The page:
September 30, 1919 – Massacre of African American Farmers in Elaine, Arkansas

On this date in history, Robert L. Hill, an African-American sharecropper and political activist, held a meeting at a small church with approximately 100 other black farmers in Elaine, Arkansas in Phillips County. He wanted to establish a chapter of the Progressive Farmers and Household Union of America to fight for better pay and higher cotton prices.

African Americans outnumbered whites in the area around Elaine by a ten-to-one ratio, and by three-to-one in the county overall. But, according to the Encyclopedia of Arkansas, white landowners controlled the economy, selling cotton on their own schedule, running high-priced plantation stores where farmers had to buy seed and supplies, and settling accounts with sharecroppers in lump sums, without listing items.

As the Encyclopedia article points out:

Unions such as the Progressive Farmers represented a threat not only to the tenet of white supremacy but also to the basic concepts of capitalism. Although the United States was on the winning side of World War I, supporters of American capitalism found in communism a new menace to their security. . . . The threat of ‘Bolshevism’ seemed to be everywhere: not only in the labor strikes led by the radical Industrial Workers of the World but also in the cotton fields of Arkansas.”

Phillips County, Arkansas

Union members brought armed guards to protect the meeting. A white deputy sheriff and a railroad detective, both armed, arrived at the meeting place and a fight broke out at about 11 p.m. In the ensuing gunfire the deputy sheriff was wounded and the railroad worker was killed. Accounts differ as to whether whites or blacks fired the first shot. The violence expanded beyond the meeting place and fighting in the area lasted for three days. Word traveled to neighboring states through exaggerated newspaper reports that an ‘insurrection’ was occurring, which brought additional armed men into the county from outside to support the white citizens.

The next morning, the Phillips County sheriff sent out a posse to arrest those suspected of being involved in the shooting. White fear led an estimated 500-1,000 armed white people from surrounding areas to help put down this black “insurrection.”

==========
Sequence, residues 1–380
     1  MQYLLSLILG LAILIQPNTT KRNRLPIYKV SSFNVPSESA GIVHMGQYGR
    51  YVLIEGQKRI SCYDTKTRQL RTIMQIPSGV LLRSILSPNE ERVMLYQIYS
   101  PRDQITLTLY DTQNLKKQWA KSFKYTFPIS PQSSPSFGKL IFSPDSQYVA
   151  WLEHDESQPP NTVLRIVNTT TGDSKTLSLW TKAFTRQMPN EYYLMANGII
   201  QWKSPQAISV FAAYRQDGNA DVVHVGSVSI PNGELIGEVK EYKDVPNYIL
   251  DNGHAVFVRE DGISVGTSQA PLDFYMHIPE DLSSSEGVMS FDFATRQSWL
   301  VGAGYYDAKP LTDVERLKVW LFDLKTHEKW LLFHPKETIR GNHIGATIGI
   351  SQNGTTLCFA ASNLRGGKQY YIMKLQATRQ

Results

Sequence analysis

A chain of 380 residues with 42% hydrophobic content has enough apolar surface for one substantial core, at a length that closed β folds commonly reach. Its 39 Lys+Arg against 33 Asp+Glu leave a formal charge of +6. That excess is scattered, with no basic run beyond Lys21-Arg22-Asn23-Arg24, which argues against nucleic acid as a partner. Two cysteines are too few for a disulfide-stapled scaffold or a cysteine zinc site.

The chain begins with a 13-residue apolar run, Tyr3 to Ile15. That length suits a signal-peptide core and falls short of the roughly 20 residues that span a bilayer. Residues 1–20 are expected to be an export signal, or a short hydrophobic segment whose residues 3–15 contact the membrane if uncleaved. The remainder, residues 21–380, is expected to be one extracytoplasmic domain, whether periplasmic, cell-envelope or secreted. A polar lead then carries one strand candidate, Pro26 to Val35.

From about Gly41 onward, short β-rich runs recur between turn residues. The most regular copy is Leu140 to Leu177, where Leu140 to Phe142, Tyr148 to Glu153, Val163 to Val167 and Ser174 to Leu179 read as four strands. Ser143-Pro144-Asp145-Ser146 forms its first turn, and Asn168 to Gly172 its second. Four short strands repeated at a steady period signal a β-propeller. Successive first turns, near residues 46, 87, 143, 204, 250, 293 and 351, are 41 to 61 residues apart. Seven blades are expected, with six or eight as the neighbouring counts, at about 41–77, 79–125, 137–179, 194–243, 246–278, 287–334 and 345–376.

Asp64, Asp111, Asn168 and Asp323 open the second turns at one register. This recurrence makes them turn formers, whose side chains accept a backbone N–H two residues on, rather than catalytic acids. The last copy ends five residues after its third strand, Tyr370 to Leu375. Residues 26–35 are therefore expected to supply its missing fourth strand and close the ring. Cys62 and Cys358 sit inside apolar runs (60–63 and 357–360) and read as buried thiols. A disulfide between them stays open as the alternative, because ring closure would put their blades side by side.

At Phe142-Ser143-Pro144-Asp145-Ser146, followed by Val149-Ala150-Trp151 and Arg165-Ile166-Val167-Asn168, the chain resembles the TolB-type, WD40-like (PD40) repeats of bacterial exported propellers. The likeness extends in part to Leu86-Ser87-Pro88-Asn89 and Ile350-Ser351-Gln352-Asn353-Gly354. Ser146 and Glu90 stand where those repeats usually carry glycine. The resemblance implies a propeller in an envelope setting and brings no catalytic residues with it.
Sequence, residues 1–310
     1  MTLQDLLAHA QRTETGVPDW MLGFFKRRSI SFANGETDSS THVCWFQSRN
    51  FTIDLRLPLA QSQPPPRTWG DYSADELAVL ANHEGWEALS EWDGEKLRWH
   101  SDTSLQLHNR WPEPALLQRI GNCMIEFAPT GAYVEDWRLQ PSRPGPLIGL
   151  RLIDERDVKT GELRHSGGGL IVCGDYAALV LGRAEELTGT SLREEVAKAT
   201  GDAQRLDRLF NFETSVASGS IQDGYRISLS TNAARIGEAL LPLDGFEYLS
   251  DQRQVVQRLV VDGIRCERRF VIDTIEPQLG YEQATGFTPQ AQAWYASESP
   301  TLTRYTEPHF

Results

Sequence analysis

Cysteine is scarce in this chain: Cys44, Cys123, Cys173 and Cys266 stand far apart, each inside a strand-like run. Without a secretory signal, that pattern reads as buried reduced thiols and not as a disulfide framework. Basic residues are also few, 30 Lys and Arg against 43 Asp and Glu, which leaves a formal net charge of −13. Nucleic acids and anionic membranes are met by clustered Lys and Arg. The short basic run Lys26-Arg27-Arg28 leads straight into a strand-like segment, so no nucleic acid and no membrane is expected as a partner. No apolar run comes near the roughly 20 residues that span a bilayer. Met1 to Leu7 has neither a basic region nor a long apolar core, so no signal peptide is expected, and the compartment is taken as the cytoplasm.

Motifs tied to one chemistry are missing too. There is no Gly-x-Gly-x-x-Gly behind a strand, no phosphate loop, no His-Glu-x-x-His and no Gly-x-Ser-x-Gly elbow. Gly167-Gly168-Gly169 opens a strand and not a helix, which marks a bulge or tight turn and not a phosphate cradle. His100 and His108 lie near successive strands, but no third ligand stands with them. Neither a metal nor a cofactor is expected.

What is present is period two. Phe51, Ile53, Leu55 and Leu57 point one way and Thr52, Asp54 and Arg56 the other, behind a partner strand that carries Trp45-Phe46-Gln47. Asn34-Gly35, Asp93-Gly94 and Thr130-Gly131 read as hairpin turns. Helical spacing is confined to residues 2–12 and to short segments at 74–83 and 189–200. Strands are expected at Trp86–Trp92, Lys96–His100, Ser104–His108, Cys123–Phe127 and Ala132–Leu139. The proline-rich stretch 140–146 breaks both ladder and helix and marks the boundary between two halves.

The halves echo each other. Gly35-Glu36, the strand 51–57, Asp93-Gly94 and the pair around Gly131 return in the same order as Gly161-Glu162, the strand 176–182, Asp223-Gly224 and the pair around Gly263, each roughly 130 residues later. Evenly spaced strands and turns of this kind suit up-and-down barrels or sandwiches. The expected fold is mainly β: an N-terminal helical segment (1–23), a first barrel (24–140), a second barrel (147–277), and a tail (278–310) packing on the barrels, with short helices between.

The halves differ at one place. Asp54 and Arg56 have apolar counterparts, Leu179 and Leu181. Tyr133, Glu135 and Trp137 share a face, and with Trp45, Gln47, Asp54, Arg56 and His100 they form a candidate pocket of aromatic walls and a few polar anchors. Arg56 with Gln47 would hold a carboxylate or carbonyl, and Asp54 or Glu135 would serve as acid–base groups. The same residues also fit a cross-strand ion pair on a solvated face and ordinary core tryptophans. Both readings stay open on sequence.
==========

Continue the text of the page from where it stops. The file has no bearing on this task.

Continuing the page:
The whites attacked blacks on sight across the county. The governor called in 500 federal troops, who arrested nearly 260 blacks and were accused of torturing and killing some. Over a three-day period, fatalities included an 100-240 blacks, with some estimates of more than 800, as well as five white men. The events have been subject to debate, especially the total of black deaths.

The only men prosecuted for these events were 122 African Americans, with 73 charged with murder. Twelve were quickly convicted and sentenced to death by all-white juries for murder of the white deputy at the church. Others were convicted of lesser charges and sentenced to prison. Six convictions (known as the Ware defendants) were overturned at the state level for technical trial details.

Elaine Defendants, Helena, Phillips County, Ark., ca. 1910, (Butler Center for Arkansas Studies, Bobby L. Roberts Library of Arkansas History and Art, Central Arkansas Library System)

The six other death penalty cases (known as Moore et al.) ultimately reached the United States Supreme Court. The Court overturned the convictions in the Moore et al. v. Dempsey (1923) ruling. The Court cited the failure of the trial court to provide due process under the Fourteenth Amendment, as the trials had been dominated by adverse publicity and the presence of armed white mobs threatening the jury. It was the first case in the twentieth century that came before the Court concerning the justice given to African-Americans in the South. This was a critical precedent for the Supreme Court’s strengthening of the requirements imposed by the Due Process Clause on the conduct of state criminal trials.

When the cases were remanded to the state court, the six ‘Moore’ defendants settled with the lower court on lesser charges and were sentenced to time already served. Governor Thomas Chipman McRae freed these six men in 1925 in the closing days of his administration. The NAACP helped them leave the state safely.

The Encyclopedia of Arkansas has a good list of resources about the riots. Ida B. Wells produced a booklet called “The Elaine Riot” which can be read online here. You can also refer to our analysis of the Supreme Court case of Moore v. Dempsey, here.

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